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Greenhouse Gas Emissions from Peat Soils Cultivated to Rice Field, Oil Palm and Vegetable

Author(s): Abdul Hadi | Luthfi Fatah | Syaifuddin | Abdullah | Dedi Nursyamsi Affandi | Rosenani Abu Bakar | Kazuyuki Inubushi

Journal: Jurnal Tanah Tropika
ISSN 0852-257X

Volume: 17;
Issue: 2;
Start page: 105;
Date: 2012;
Original page

Keywords: Global warming potential | methane | nitrification | nitrous oxide | oil palm (Elaeis guineensis Jacq)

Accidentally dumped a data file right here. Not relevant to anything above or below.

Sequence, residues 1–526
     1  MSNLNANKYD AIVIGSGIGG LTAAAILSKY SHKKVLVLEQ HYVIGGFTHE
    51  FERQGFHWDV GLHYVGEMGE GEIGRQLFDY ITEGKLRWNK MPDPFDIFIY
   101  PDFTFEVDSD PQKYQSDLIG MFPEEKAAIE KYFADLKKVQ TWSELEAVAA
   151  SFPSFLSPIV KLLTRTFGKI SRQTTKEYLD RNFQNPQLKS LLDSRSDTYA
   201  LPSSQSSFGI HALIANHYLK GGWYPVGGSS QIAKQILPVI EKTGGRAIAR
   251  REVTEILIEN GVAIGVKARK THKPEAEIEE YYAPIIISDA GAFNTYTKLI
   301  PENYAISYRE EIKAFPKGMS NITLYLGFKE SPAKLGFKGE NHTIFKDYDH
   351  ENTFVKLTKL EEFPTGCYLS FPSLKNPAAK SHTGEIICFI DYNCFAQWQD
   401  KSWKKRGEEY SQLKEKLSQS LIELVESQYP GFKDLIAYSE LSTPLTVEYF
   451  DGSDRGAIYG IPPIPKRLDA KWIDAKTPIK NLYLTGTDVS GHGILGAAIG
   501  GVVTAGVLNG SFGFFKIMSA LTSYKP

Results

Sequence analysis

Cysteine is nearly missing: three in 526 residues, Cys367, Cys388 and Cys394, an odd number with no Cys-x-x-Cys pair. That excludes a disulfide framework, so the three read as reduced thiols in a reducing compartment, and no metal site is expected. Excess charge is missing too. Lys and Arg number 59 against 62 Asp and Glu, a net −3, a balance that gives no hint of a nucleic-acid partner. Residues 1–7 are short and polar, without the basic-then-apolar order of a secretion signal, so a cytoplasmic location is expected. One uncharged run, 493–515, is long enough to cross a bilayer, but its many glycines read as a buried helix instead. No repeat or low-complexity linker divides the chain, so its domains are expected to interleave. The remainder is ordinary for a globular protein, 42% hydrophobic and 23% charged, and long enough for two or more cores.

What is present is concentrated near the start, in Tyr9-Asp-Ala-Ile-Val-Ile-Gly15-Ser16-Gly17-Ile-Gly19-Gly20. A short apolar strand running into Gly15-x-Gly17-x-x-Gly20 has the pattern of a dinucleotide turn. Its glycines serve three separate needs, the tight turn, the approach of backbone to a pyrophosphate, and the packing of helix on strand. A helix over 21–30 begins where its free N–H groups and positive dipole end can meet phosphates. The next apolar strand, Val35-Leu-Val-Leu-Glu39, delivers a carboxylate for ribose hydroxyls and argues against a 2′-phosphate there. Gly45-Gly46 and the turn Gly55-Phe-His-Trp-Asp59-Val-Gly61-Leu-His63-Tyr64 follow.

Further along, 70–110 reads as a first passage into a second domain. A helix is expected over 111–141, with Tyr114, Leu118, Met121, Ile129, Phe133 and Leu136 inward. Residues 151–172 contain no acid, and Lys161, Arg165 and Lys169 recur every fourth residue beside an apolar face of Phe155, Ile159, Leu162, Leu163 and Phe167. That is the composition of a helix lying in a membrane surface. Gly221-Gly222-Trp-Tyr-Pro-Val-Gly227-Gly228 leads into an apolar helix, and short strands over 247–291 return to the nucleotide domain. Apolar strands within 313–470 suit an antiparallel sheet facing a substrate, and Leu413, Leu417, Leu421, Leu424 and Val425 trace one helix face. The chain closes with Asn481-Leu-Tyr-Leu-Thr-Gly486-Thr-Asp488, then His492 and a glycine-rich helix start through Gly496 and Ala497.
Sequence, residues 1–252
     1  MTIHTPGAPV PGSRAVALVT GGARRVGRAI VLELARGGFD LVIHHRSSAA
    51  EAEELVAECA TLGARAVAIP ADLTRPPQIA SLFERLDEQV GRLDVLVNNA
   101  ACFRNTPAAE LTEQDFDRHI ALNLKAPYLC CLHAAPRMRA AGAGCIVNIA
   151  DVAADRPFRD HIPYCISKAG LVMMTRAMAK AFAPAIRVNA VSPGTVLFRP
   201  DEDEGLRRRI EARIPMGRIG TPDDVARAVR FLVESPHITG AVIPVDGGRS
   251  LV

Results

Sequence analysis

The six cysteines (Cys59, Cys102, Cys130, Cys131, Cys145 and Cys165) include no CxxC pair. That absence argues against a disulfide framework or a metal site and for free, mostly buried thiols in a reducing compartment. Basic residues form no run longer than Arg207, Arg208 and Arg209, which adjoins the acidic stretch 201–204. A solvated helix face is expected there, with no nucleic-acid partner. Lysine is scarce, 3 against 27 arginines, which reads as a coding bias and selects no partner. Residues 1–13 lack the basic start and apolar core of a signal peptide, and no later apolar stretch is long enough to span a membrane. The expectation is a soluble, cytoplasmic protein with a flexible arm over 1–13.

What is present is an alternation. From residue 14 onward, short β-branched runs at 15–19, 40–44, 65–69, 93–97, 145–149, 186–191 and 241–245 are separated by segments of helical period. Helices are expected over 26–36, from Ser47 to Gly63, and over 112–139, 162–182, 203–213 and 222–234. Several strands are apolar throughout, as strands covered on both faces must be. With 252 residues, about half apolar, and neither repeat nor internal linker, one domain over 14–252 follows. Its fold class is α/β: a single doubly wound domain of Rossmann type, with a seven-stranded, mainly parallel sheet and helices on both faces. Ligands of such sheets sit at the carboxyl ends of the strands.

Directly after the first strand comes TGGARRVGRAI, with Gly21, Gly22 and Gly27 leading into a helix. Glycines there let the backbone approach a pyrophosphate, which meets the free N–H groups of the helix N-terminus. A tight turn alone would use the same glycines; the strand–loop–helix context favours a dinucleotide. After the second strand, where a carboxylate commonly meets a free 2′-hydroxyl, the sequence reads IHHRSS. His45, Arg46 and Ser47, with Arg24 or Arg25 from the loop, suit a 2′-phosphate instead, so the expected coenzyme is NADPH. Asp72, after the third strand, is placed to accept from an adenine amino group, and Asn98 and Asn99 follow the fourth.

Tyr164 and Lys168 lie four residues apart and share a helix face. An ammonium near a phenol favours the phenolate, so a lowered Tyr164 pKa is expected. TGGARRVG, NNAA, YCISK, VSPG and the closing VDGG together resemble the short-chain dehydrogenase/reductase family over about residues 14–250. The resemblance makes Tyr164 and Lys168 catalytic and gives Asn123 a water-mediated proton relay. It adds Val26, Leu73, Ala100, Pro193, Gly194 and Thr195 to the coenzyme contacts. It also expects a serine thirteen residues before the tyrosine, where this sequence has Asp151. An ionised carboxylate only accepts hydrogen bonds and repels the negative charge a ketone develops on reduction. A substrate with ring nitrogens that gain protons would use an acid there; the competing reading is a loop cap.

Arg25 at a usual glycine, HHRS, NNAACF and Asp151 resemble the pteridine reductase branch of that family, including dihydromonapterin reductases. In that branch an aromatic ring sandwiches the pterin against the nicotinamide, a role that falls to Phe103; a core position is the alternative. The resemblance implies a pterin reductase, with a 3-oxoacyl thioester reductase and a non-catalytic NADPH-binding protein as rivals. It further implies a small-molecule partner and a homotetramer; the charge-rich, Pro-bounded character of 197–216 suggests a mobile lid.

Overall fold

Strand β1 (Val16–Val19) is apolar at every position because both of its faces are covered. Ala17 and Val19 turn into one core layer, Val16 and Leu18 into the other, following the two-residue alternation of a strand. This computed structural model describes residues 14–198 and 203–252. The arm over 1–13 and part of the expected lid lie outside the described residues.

Presently, about 20% of oil palm (Elaeis guineensis Jacq) fields in Indonesia are on peat soil, in addition to that otherarea of peat soil has been conventionally used for rice field and vegetables. To elucidate the global warmingpotentials of peat soils cultivated to oil palm, vegetable or rice field, field experiment has been carried out in SouthKalimantan. Air samples were taken from rice field, oil palm and vegetable fields in weekly basis for six month periodand analyzed for concentrations of N2O, CH4 and CO2. The global warming potentials (GWP) of the three gases werecalculated by multiplying the emission of each gas with their respective mole warming potential. This step wasfollowed by the addition of the three gases’ GWP to have the total GWP. The results showed that the emissions ofgreenhouse gases from peat soils changed seasonally and varied with the crops cultivated. Oil palm has resultedthe highest GWP, mostly contributed by N2O. There was no statistical different in total GWP of paddy andvegetable fields. The annual N2O emission from oil palm field was 4,582 g N ha-1 yr-1. Water, nutrients and organicmatter managements are among the potential techniques to minimize gas emissions from oil palm field which needfield trials.
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